Langley Research Center

The Langley Research Center (LaRC or NASA Langley), located in Hampton, Virginia near the Chesapeake Bay front of Langley Air Force Base, is the oldest of NASA's field centers.[1] LaRC has focused primarily on aeronautical research but has also tested space hardware such as the Apollo Lunar Module. In addition, many of the earliest high-profile space missions were planned and designed on-site. Langley was also considered a potential site for NASA's Manned Spacecraft Center prior to the eventual selection of Houston, Texas.[4]

NASA Langley Research Center

Aerial view of the Langley Research Center in 2011
Agency overview
Preceding agency
  • Langley Memorial Aeronautical Laboratory (NACA)
JurisdictionU.S. Federal Government
HeadquartersHampton, Virginia, U.S.
Employees1,821 (2017)
Agency executives
  • Clayton P. Turner, Director
  • David Young, Deputy Director
  • Lisa Ziehmann, Associate Director
Parent agencyNASA
Map of NASA Langley Research Center

Established in 1917 by the National Advisory Committee for Aeronautics (NACA), the research center devotes two-thirds of its programs to aeronautics and the rest to space. LaRC researchers use more than 40 wind tunnels to study and improve aircraft and spacecraft safety, performance, and efficiency. Between 1958 and 1963, when NASA (the successor agency to NACA) started Project Mercury, LaRC served as the main office of the Space Task Group.

In September 2019, after previously serving as associate director and deputy director, Clayton P. Turner was appointed director of NASA Langley.[3]


A variety of research aircraft at NASA Langley in 1994

After U.S.-German relations had deteriorated from neutral to hostile around 1916, the prospect of U.S. war entry became possible. On February 15, 1917, the newly established Aviation Week warned that the U.S. military aviation capability was less than what was operating in the European war.[5] President Woodrow Wilson sent Jerome Hunsaker to Europe to investigate, and Hunsaker's report prompted Wilson to command the creation of the nation's first aeronautics laboratory, which became NASA Langley.[6]

In 1917, less than three years after it was created, the NACA established the Langley Memorial Aeronautical Laboratory on Langley Field. Both Langley Field and the Langley Laboratory are named after aviation pioneer Samuel Pierpont Langley.[7] The Aviation Section, U.S. Signal Corps had established a base there earlier that same year. The first research facilities were in place and aeronautical research was started by 1920. Initially, the laboratory included four researchers and 11 technicians.[8]

LaRC's 14-by-22-foot (4.3 m × 6.7 m) subsonic wind tunnel

Langley Field and NACA began parallel growth as air power proved its utility during World War I. The center was originally established to explore the field of aerodynamic research involving airframe and propulsion engine design and performance. In 1934 the world's largest wind tunnel was constructed at Langley Field with a 30-by-60-foot (9.1 m × 18.3 m) test section; it was large enough to test full-scale aircraft.[9][10] It remained the world's largest wind tunnel until the 1940s, when a 40-by-80-foot (12 m × 24 m) tunnel was built at NASA's Ames Research Center in California.[11]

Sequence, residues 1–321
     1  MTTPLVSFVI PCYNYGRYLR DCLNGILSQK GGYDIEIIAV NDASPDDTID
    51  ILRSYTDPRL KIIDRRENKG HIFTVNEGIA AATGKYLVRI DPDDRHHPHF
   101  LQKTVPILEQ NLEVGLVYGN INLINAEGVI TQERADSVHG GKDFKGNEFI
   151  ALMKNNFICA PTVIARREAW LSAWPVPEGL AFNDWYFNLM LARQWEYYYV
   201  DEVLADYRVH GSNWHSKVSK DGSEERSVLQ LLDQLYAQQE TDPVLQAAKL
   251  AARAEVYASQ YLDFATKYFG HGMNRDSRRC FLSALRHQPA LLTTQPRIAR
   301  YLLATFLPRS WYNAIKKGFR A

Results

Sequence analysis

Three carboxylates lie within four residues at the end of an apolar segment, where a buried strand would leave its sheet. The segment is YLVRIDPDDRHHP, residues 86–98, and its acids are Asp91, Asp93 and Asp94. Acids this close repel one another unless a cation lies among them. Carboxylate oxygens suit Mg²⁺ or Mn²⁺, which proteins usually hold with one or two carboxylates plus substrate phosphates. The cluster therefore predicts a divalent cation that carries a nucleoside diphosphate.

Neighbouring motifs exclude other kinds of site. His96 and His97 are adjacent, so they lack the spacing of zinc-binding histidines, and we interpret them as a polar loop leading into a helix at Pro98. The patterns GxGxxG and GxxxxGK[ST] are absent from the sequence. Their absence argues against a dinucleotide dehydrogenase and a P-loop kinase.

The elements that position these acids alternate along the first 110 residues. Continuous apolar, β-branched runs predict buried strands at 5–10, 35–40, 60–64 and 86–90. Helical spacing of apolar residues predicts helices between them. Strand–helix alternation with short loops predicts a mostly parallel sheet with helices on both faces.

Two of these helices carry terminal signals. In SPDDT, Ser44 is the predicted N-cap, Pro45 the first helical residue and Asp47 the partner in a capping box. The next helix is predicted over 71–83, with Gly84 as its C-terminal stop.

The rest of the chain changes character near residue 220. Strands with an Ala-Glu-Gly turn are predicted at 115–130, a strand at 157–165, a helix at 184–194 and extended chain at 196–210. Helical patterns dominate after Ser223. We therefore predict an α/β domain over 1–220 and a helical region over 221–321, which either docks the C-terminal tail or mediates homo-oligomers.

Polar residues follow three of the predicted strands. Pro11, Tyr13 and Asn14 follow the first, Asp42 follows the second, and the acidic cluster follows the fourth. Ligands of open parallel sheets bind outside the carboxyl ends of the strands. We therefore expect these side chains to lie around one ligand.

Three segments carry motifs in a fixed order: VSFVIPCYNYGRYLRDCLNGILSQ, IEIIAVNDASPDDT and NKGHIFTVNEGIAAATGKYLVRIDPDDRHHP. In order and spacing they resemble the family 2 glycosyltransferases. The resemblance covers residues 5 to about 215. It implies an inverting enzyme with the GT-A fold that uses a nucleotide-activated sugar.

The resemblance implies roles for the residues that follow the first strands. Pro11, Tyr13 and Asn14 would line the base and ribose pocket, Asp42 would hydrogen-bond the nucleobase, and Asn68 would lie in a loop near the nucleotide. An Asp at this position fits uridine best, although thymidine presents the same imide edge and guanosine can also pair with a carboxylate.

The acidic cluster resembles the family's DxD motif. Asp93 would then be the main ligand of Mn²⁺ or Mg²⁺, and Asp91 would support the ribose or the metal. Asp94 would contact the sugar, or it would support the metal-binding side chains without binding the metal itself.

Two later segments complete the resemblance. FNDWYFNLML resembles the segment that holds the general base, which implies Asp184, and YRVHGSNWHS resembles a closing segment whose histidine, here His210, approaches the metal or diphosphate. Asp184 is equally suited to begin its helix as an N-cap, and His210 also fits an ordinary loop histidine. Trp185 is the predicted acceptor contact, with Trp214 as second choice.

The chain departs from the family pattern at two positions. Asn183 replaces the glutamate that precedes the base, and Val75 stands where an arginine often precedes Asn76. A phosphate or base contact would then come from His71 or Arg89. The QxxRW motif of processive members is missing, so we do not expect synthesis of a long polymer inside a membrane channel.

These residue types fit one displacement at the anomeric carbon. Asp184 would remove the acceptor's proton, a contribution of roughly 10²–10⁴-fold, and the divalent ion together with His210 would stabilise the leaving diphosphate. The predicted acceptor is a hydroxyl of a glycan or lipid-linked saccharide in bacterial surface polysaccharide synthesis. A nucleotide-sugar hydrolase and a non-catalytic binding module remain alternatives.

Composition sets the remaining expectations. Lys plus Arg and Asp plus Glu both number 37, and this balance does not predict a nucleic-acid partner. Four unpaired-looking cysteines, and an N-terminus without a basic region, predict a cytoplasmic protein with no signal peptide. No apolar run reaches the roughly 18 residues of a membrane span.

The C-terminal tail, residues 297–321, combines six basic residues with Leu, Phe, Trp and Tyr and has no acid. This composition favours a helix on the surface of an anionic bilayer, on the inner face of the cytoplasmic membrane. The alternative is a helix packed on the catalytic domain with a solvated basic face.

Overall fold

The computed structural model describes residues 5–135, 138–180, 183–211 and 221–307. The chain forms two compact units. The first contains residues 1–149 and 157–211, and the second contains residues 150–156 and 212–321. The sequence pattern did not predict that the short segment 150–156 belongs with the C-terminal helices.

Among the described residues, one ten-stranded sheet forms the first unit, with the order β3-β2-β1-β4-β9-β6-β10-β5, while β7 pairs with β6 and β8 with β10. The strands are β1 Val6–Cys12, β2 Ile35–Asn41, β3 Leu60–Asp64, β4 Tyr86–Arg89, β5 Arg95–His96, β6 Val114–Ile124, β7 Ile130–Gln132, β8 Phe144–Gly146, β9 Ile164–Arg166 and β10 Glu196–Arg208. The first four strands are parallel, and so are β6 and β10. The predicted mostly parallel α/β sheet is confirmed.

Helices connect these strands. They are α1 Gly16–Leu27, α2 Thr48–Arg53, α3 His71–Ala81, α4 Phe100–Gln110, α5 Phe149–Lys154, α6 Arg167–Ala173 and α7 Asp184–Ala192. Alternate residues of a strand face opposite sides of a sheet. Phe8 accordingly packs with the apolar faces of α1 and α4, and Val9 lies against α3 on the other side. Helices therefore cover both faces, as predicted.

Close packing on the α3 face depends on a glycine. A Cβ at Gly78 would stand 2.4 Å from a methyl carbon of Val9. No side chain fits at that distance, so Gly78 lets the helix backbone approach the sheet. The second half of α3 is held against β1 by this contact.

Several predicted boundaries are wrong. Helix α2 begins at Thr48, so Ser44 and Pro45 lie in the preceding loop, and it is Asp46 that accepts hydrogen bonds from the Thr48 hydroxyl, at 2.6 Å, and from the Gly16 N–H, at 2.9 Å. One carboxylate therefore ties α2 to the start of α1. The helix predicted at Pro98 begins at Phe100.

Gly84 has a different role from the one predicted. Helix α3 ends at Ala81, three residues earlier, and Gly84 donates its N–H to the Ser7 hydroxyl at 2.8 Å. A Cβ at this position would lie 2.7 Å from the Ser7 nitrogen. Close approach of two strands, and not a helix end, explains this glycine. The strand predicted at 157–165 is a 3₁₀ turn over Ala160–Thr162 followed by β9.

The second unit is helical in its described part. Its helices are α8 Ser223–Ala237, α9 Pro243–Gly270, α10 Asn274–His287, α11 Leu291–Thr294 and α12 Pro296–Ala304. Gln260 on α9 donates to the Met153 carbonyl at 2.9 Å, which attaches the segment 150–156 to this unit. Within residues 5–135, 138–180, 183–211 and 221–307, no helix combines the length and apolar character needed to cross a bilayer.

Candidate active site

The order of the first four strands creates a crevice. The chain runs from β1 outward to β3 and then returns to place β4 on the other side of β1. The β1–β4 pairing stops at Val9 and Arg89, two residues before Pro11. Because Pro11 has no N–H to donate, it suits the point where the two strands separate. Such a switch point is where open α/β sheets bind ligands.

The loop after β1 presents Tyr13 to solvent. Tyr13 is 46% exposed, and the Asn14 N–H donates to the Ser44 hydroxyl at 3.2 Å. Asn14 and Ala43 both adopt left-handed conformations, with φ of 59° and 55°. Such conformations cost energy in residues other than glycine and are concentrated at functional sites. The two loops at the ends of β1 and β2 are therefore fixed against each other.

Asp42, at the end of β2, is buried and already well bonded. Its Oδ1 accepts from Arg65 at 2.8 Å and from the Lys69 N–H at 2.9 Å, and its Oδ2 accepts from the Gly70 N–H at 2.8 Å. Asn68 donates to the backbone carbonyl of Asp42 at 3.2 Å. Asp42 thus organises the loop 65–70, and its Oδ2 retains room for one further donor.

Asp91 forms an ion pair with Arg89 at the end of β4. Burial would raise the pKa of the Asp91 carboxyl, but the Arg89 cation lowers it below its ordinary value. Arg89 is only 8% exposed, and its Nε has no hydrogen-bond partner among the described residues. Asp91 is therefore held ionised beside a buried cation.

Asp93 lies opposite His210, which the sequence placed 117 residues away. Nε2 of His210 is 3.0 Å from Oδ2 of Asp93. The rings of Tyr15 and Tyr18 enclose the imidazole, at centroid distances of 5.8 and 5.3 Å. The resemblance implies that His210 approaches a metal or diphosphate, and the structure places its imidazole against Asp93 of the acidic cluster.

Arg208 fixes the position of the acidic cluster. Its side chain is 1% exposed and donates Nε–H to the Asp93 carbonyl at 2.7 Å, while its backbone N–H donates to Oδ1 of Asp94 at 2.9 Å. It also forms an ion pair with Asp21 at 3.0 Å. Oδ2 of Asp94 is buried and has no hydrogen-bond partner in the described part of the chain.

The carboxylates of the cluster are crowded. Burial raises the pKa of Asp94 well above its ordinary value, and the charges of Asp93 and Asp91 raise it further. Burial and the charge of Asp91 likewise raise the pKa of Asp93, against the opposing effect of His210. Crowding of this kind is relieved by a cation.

The West Area Computers were African American, female mathematicians who worked as human computers at the Langley Research Center from 1943 through 1958.[12] The West Computers were originally subject to Virginia's Jim Crow laws and got their name because they worked at Langley's West Area, while the white mathematicians worked in the East section.[13]

Early in 1945, the center expanded to include rocket research, leading to the establishment of a flight station at Wallops Island, Virginia. A further expansion of the research program permitted Langley Research Center to orbit payloads, starting with NASA's Explorer 9 balloon satellite in mid-February 1961. As rocket research grew, aeronautics research continued to expand and played an important part when subsonic flight was advanced and supersonic and hypersonic flight were introduced.[citation needed]

Langley Research Center claims many historic firsts, some of which have proven to be revolutionary scientific breakthroughs. These accomplishments include: Development of the concept of research aircraft leading to supersonic flight, the world's first transonic wind tunnel, training the first crews of astronauts, the Lunar Landing Facility which provides the simulation of lunar gravity, and the Viking program for Mars exploration.[14] The center also developed standards for the grooving of aircraft runways based on a previous British design used at Washington National Airport.[15] Grooved runways reduce aquaplaning which permits better grip by aircraft tires in heavy rain. This grooving is now the international standard for all runways around the world.

Langley was also a contender for the site of NASA Mission Control, prior to the eventual selection of Houston, due to Langley's prominence with NASA at the time, the large existing aerospace industry already present in the Hampton Roads region, and the proximity to Washington, D.C. The selection of Houston actually took many higher-ups at Langley by surprise and caused some lingering controversy in the surrounding area over the loss and transfer of so many jobs to Houston. Though they had lost out on the Manned Spacecraft Center, Langley still played an important role in conducting research and training during the Apollo Program.[4]


Full-scale model of the X-43 spaceplane in LaRC's 8-foot (2 m) high temperature wind tunnel

Langley Research Center performs critical research on aeronautics, including wake vortex behavior, fixed-wing aircraft, rotary wing aircraft, aviation safety, human factors and aerospace engineering. LaRC supported the design and testing of the hypersonic X-43, which achieved a world speed record of Mach 9.6 (11,800 km/h; 7,310 mph). LaRC assisted the NTSB in the investigation of the crash of American Airlines Flight 587.[16][17]